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Cases level off, but Florida reports largest-ever jump in COVID-19 deaths

Total number of coronavirus cases appears to have peaked in state, Jacksonville

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JACKSONVILLE, Fla. – The number of new coronavirus cases in Florida over the past week was the lowest in a month, but the number of deaths reported in the state jumped by 2,345 in seven days -- the largest increase since the pandemic began.

The deaths were up 35% from last week’s increase of 1,727, which was the state’s previous record

According to the Florida Department of Health, there have been 46,324 deaths in the state since March 2020. Based on state data provided to the Centers for Disease Control and Prevention, an average of about 184 Floridians died each day in Florida. And it sometimes takes weeks for fatalities to show up in the data, it’s likely more August fatalities have yet to be reported.

The state has not provided any information as to when or where these deaths occurred since early June.

The Florida Department of Health on Friday reported 129,240 new cases in the seven-day period ending Thursday, bringing the state’s pandemic total to 3,308,916 cases. That is an average of 18,457 new infections reported per day.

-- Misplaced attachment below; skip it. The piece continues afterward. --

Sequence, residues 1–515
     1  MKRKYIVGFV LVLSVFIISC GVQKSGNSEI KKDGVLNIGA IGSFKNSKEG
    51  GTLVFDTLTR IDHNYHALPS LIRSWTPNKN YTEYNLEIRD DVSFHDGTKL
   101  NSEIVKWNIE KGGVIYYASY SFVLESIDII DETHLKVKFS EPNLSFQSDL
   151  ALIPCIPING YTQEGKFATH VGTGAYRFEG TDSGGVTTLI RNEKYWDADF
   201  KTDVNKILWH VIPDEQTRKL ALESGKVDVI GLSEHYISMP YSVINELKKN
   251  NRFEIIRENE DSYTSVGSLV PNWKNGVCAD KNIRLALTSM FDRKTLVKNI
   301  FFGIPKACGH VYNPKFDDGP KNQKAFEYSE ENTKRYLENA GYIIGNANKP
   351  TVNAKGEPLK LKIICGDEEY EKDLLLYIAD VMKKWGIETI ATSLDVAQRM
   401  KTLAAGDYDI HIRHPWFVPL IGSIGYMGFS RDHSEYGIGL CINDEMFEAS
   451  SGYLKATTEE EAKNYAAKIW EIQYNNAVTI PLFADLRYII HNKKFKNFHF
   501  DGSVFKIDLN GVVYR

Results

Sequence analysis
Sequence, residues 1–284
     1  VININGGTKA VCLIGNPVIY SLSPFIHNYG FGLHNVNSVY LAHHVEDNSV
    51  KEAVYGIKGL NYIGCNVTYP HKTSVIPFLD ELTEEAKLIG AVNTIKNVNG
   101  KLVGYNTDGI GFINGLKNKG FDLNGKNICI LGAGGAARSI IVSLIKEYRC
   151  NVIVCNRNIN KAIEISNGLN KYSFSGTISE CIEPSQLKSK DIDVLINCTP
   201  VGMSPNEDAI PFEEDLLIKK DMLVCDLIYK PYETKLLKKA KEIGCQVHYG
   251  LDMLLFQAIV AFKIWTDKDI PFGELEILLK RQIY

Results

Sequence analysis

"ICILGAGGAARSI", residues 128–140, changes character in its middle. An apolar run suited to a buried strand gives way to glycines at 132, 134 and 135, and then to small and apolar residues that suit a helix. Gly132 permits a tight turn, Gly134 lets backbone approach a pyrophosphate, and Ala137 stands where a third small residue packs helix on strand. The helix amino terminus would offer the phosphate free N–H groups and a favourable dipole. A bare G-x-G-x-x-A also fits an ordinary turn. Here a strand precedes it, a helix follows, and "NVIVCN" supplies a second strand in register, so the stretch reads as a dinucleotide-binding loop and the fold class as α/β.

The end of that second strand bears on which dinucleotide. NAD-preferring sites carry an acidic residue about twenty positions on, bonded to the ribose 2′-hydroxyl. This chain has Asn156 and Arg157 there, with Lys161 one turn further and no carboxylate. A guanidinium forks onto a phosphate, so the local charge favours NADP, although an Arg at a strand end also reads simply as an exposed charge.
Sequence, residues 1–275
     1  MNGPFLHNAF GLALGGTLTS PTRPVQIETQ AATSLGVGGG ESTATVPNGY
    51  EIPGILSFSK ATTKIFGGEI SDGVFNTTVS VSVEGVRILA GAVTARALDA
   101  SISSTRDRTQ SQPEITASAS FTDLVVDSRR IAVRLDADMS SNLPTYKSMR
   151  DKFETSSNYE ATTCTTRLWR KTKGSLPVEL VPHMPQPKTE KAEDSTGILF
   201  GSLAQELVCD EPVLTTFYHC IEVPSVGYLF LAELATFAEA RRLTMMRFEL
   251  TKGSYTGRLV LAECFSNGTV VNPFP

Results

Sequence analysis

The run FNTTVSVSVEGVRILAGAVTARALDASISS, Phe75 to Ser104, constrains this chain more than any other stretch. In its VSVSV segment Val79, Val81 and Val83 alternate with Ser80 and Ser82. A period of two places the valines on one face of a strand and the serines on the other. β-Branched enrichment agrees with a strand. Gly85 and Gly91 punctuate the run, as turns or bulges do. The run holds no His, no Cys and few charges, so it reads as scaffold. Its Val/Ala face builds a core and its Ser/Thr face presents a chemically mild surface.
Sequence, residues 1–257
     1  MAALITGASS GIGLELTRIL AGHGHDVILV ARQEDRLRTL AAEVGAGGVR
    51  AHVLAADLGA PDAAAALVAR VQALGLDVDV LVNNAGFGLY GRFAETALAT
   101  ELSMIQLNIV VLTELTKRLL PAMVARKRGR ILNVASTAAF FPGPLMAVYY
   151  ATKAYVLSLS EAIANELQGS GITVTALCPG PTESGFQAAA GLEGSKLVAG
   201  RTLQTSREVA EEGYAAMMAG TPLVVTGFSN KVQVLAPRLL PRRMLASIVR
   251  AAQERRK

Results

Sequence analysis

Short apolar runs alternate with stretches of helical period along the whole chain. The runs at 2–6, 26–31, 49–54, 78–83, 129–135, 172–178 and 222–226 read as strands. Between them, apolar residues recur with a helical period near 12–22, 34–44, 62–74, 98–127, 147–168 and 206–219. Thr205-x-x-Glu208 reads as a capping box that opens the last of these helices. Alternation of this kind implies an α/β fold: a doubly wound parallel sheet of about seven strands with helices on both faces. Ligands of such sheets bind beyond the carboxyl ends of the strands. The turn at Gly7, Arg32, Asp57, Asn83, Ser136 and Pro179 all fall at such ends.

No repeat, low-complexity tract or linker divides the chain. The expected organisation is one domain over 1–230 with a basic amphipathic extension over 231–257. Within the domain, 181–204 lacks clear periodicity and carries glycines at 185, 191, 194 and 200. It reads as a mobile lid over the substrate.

While the weekly case growth did ease over recent weeks, it remains higher than Florida’s peak of coronavirus infections last summer and winter.

Young people continue to make up a large percentage of recent infections. The FDOH report shows more than one-third of new cases are among those under age 20.

Nearly one of every 100 residents between the age of 12 and 19 tested positive for COVID-19 in the past week.

Cases in Duval County, which helped lead the state’s summer surge, declined for the fifth week in a row, but some neighboring counties -- Clay, Putnam and St. Johns -- continued to see increases.

RELATED: COVID deaths straining some Florida morgues | Georgia surpasses 20,000 COVID deaths

According to Health and Human Services, the number of COVID-19 patients hospitalized on Friday dropped 9.9% in seven days, but the availability of ICU beds was only 6.1% -- a continuing concern to medical professionals.

“While the total number of hospitalizations remain high and workforce challenges remain, it is encouraging that fewer hospitals are expecting critical staffing and oxygen shortages,” said Mary Mayhew, president and CEO, Florida Hospital Association. “As Floridians continue to get vaccinated and with expanded availability of monoclonal antibody treatments for those who test positive, it looks like the worst of this surge may finally be behind us.”

While the case numbers and hospitalizations are dropping, so is the rate of vaccinations. While 13,124,436 Floridians -- 69% of those age 12 and above -- have now received at least one shot, the number of people getting their first dose has dropped for four weeks in a row.


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